Landau-Kleffner syndrome, electrical status epilepticus in slow wave sleep, and language regression in children

Kathryn A. McVicar, Shlomo Shinnar

Research output: Contribution to journalArticle

55 Citations (Scopus)

Abstract

The Landau-Kleffner syndrome (LKS) and electrical status epilepticus in slow wave sleep (ESES) are rare childhood-onset epileptic encephalopathies in which loss of language skills occurs in the context of an epileptiform EEG activated in sleep. Although in LKS the loss of function is limited to language, in ESES there is a wider spectrum of cognitive impairment. The two syndromes are distinct but have some overlap. The relationship between the epileptiform EEG abnormalities and the loss of cognitive function remains controversial, even in LKS which is the most widely accepted as an acquired epileptic aphasia. Language regression also occurs in younger children, frequently in the context of a more global autistic regression. Many of these children have epileptiform EEGs. The term autistic regression with epileptiform EEG has been proposed for these children. Whether these children are part of an extended LKS spectrum is very controversial, because there are differences in age of onset, clinical phenotype, and EEG findings. An understanding of the available data on clinical characteristics, EEG findings, pathology, prognosis, and treatment of these syndromes is essential for further progress in this area.

Original languageEnglish (US)
Pages (from-to)144-149
Number of pages6
JournalMental Retardation and Developmental Disabilities Research Reviews
Volume10
Issue number2
DOIs
StatePublished - 2004

Fingerprint

Landau-Kleffner Syndrome
Status Epilepticus
Electroencephalography
Sleep
Language
Brain Diseases
Age of Onset
Cognition
Pathology
Phenotype

Keywords

  • Autism
  • Electrical status epilepticus in slow wave sleep
  • Epilepsy
  • Landau-Kleffner syndrome
  • Language regression

ASJC Scopus subject areas

  • Pediatrics, Perinatology, and Child Health
  • Neuropsychology and Physiological Psychology
  • Genetics(clinical)

Cite this

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abstract = "The Landau-Kleffner syndrome (LKS) and electrical status epilepticus in slow wave sleep (ESES) are rare childhood-onset epileptic encephalopathies in which loss of language skills occurs in the context of an epileptiform EEG activated in sleep. Although in LKS the loss of function is limited to language, in ESES there is a wider spectrum of cognitive impairment. The two syndromes are distinct but have some overlap. The relationship between the epileptiform EEG abnormalities and the loss of cognitive function remains controversial, even in LKS which is the most widely accepted as an acquired epileptic aphasia. Language regression also occurs in younger children, frequently in the context of a more global autistic regression. Many of these children have epileptiform EEGs. The term autistic regression with epileptiform EEG has been proposed for these children. Whether these children are part of an extended LKS spectrum is very controversial, because there are differences in age of onset, clinical phenotype, and EEG findings. An understanding of the available data on clinical characteristics, EEG findings, pathology, prognosis, and treatment of these syndromes is essential for further progress in this area.",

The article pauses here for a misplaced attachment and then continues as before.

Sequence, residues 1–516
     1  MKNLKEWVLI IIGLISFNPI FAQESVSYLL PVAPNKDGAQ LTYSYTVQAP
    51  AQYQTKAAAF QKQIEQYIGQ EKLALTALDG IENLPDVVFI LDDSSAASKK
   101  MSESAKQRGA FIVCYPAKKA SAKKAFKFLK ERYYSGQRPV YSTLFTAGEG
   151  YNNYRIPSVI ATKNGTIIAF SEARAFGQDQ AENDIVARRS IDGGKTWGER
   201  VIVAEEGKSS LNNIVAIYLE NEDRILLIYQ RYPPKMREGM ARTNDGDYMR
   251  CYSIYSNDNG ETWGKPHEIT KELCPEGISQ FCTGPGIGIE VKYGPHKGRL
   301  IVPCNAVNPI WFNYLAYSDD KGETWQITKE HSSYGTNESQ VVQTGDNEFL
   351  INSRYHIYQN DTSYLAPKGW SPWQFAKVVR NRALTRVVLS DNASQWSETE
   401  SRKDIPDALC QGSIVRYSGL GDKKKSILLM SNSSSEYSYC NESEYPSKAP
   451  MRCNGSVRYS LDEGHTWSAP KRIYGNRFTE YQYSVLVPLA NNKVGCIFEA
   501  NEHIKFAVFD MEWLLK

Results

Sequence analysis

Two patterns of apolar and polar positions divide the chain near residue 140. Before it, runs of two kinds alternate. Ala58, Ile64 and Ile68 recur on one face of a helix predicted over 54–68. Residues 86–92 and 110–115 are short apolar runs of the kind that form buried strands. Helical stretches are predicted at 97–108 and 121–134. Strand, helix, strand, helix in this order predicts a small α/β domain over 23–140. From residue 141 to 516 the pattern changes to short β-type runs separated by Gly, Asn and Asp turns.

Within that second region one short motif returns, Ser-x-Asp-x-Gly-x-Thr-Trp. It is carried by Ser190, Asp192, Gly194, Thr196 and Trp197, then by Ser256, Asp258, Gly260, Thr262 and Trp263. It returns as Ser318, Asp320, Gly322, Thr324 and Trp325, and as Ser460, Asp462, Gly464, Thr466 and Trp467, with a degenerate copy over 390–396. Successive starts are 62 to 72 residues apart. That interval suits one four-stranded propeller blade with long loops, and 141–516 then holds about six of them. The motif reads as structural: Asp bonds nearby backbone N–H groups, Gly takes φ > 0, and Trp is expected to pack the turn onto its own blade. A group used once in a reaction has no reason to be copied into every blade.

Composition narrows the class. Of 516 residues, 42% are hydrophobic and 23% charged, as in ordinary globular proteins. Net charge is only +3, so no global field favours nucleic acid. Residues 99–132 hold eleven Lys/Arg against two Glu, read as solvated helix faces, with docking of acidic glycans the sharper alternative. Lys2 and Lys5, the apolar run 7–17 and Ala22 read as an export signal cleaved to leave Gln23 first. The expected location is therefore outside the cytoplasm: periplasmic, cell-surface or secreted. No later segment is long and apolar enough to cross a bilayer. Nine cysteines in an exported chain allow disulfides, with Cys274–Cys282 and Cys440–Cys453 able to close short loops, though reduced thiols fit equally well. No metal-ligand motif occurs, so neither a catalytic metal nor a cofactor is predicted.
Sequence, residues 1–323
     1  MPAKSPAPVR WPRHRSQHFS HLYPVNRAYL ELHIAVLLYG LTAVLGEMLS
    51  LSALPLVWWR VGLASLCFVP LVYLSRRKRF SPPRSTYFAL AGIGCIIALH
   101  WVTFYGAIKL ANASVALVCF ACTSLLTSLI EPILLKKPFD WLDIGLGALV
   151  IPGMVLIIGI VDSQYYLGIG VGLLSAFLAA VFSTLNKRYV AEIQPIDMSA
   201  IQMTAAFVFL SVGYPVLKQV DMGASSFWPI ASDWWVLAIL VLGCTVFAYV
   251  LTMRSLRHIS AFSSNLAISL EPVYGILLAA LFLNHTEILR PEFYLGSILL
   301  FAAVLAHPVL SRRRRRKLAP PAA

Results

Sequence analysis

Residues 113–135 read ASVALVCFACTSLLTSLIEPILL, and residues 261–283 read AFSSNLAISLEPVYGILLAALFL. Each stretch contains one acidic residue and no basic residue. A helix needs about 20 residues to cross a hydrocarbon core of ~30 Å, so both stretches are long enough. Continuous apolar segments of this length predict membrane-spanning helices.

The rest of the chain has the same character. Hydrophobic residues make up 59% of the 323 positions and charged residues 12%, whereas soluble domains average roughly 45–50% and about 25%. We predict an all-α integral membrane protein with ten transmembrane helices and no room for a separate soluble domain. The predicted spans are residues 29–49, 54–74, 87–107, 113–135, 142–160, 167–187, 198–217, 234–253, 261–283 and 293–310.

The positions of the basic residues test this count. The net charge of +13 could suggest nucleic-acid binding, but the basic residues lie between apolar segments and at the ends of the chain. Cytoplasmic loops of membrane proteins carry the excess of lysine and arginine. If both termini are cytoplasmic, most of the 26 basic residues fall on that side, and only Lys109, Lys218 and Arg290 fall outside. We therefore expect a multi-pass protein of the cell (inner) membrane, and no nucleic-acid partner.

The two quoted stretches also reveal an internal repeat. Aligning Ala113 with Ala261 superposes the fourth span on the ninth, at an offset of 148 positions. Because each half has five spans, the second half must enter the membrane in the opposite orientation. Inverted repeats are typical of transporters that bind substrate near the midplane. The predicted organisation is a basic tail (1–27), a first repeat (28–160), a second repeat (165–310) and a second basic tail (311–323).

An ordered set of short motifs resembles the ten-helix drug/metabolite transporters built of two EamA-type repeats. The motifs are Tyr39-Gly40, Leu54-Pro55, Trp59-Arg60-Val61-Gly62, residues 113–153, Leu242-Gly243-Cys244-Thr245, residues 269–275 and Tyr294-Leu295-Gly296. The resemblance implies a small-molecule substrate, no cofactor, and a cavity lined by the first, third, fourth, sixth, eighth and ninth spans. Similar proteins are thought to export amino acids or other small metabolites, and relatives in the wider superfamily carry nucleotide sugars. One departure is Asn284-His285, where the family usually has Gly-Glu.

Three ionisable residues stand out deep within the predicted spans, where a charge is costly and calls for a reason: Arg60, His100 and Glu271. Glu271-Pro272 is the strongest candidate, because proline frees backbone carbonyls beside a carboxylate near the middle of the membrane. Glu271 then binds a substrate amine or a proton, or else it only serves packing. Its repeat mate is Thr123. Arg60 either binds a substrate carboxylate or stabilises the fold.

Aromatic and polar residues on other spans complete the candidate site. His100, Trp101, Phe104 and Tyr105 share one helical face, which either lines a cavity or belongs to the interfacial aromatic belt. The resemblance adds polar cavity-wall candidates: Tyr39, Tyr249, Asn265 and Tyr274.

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AB - The Landau-Kleffner syndrome (LKS) and electrical status epilepticus in slow wave sleep (ESES) are rare childhood-onset epileptic encephalopathies in which loss of language skills occurs in the context of an epileptiform EEG activated in sleep. Although in LKS the loss of function is limited to language, in ESES there is a wider spectrum of cognitive impairment. The two syndromes are distinct but have some overlap. The relationship between the epileptiform EEG abnormalities and the loss of cognitive function remains controversial, even in LKS which is the most widely accepted as an acquired epileptic aphasia. Language regression also occurs in younger children, frequently in the context of a more global autistic regression. Many of these children have epileptiform EEGs. The term autistic regression with epileptiform EEG has been proposed for these children. Whether these children are part of an extended LKS spectrum is very controversial, because there are differences in age of onset, clinical phenotype, and EEG findings. An understanding of the available data on clinical characteristics, EEG findings, pathology, prognosis, and treatment of these syndromes is essential for further progress in this area.

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